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How to run a class function

John Rawls
1#
John Rawls Published in 2018-01-12 21:01:57Z

I was trying to write some code that would take in the number of sides of a polygon and a user can just randomly input the length of each side

I wanted to make a separate class polygon and the following was my code:

#numSides=int(input(Number of sides))
class polygon(object):
    def __init__(self,x):                                       #useless code
        self.x=x                                                            #useless code
        self.x=[]                                                           #useless code
    def __inputSides__(self):
        #counter=0
        #for i in range(x):
        #   counter=counter+1

        numSides=int(input("number of sides"))
        list_=[]
        for i in range(numSides):
            length=float(input("length"))
            list_.append(length)
        return list_

    def __dispSides__(self,list_):
        for i in list_:
            print("side length",i)

stone= polygon()
stone.__dispSides__(4)

but then in the second to last line i was getting an error that said :

Traceback (most recent call last):
  File "python", line 23, in <module>
TypeError: __init__() missing 1 required positional argument: 'x'

I was wondering how can i fix this and why I am getting this error?

thanks!

Montmons
2#
Montmons Reply to 2018-01-12 21:17:56Z

This is a quite straight-forward question.

Whenever you call your polygon class its __init__ function is run automatically. You've set this initiation function to require 2 arguments: self & x. Whenever you initiate your class you will thus have to provide your class with an x argument.

Meaning instead of declaring stone = polygon(), you should declare something like stone = polygon(x).

Furthermore, your reason for passing and initiating the x argument is unclear since no matter what value x is given, it is never passed along to any method within your class. This is because after declaring self.x = x, it is immediately overwritten to be an empty list by your self.x=[] declaration (leaving the actual x-argument unused).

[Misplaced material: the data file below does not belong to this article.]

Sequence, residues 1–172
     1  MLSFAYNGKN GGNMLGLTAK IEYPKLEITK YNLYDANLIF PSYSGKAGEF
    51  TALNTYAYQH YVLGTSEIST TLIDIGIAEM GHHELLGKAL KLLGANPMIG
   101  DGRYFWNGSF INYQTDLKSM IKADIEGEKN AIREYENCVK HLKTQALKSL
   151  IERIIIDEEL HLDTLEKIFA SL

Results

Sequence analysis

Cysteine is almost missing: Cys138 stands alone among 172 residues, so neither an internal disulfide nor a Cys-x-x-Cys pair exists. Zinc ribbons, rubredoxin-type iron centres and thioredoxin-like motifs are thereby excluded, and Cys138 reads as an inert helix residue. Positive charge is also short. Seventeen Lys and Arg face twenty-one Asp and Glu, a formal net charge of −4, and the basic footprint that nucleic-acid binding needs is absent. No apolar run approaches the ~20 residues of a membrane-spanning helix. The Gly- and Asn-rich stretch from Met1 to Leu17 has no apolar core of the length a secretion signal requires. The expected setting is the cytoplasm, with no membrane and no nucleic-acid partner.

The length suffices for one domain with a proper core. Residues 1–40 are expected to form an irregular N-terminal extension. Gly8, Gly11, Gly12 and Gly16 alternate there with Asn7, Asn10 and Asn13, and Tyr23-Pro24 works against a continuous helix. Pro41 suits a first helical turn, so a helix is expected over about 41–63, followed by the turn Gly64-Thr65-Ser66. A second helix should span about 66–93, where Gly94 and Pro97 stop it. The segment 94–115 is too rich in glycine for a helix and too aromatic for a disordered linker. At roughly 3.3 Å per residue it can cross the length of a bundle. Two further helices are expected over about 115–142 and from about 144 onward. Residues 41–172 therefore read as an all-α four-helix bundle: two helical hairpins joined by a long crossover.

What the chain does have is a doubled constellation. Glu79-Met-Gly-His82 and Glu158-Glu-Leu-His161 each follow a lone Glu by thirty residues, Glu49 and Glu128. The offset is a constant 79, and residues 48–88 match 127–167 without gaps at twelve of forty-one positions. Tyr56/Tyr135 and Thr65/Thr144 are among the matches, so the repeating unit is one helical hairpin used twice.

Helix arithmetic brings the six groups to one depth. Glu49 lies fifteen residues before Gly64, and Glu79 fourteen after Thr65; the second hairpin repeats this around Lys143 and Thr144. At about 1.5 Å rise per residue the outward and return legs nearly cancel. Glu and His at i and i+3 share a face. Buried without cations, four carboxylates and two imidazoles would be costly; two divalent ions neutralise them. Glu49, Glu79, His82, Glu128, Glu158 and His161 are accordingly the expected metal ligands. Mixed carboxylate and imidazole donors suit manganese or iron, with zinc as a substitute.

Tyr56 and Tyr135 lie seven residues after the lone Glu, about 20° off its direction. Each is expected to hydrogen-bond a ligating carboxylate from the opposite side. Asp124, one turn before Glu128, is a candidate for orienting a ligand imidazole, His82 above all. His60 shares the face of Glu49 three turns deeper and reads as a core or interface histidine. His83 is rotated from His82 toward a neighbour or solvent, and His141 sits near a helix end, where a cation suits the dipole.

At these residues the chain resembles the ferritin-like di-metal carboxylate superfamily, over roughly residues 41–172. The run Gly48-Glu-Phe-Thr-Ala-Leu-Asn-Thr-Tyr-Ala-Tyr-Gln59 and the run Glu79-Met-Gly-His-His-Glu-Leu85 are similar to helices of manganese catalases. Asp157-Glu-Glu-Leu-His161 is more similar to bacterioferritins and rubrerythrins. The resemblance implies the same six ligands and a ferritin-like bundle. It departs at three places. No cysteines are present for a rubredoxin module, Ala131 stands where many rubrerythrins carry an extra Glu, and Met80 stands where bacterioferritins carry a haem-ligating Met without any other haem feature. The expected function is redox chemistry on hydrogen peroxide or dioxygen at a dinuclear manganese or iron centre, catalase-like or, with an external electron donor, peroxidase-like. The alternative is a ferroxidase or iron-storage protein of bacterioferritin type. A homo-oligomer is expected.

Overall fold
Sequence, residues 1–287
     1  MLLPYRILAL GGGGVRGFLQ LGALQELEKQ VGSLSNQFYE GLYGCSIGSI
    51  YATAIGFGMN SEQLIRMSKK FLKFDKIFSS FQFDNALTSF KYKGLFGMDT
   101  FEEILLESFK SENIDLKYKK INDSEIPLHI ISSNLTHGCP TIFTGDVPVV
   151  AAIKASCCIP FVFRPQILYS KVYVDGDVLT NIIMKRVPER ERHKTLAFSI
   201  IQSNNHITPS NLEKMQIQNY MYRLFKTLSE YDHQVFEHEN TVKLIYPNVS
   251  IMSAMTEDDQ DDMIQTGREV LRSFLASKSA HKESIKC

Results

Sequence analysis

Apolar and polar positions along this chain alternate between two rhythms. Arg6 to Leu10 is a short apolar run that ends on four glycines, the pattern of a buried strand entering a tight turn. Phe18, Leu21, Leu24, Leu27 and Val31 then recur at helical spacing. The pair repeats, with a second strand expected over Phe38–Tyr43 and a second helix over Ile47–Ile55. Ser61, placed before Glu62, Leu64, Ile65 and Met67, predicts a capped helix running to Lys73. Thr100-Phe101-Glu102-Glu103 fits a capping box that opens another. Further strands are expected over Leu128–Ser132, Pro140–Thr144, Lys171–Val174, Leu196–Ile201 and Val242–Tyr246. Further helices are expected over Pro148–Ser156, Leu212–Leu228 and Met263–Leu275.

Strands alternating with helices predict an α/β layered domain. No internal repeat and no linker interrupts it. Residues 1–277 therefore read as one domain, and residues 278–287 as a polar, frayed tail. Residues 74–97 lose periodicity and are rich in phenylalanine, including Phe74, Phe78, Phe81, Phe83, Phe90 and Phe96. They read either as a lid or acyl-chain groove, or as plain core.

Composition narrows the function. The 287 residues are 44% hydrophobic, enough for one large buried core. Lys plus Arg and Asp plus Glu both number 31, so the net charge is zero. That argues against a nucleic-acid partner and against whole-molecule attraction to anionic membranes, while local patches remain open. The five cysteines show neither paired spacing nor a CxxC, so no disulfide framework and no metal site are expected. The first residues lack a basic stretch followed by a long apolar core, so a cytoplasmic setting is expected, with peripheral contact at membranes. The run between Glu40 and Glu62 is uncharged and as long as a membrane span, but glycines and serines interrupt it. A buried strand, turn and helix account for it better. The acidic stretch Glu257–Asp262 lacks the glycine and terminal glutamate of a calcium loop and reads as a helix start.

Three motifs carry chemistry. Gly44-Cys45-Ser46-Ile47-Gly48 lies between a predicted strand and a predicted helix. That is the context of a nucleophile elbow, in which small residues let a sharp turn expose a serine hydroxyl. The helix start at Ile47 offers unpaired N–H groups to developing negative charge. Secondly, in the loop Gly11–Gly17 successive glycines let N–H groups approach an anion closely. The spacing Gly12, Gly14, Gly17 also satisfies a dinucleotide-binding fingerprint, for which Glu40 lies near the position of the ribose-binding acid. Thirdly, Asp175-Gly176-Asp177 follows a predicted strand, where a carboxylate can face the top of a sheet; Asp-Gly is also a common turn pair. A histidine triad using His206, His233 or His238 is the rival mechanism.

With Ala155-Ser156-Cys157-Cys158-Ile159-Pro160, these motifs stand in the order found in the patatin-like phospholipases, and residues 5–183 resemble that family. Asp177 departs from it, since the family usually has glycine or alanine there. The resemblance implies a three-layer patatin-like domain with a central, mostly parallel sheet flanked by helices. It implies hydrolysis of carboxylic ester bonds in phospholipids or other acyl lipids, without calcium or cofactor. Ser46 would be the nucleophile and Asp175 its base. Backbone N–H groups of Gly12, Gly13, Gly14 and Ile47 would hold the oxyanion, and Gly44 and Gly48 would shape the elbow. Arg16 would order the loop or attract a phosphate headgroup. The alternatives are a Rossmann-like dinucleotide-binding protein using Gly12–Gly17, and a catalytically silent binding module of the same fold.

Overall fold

chepner
3#
chepner Reply to 2018-01-12 21:48:06Z

A proper class wouldn't prompt the user for the side lengths; the code that creates a Polygon should be responsible for the I/O and simply pass the values as arguments to Polygon.__init__.

class Polygon(object):
    def __init__(self, sides):
        self.sides = sides

    def display_sides(self):
        for s in self.sides:
            print("side length", s)


numSides = int(input("number of sides"))
sides = []
for i in range(numSides):
    length = float(input("length"))
    sides.append(length)

s = Polygon(sides)
s.display_sides()
Louis Couture
4#
Louis Couture Reply to 2018-01-12 22:30:20Z

You are defining x twice, you can't do that

Dheeraj Teta
5#
Dheeraj Teta Reply to 2018-01-14 03:20:51Z

In same code, I applied two fixes.Hope you wanted the same result.

class polygon(object):

def __init__(self,x=[]):                                       #useless code
    self.x=x       
# force user to input numSide and length
numSides=int(input("number of sides"))
list_=[]
for i in range(numSides):
    length=float(input("length"))
    list_.append(length)

#finally list_ argument is a declaration so you have to define it(assign value)
def __dispSides__(self,list_=list_):
    for i in list_:
        print("side length",i)



stone= polygon()
stone.__dispSides__()

fix 1: __init__(self,x=[]): define x with declaration to set a default value

fix 2: def __dispSides__(self,list_=list_): here you declared a variabe list_ but actually you wanted to pass previous list_ value here(as it seems ) so do pass it a value.

Avoid Error: stone.__dispSides__(4)# passing a non-iterable will raise an error

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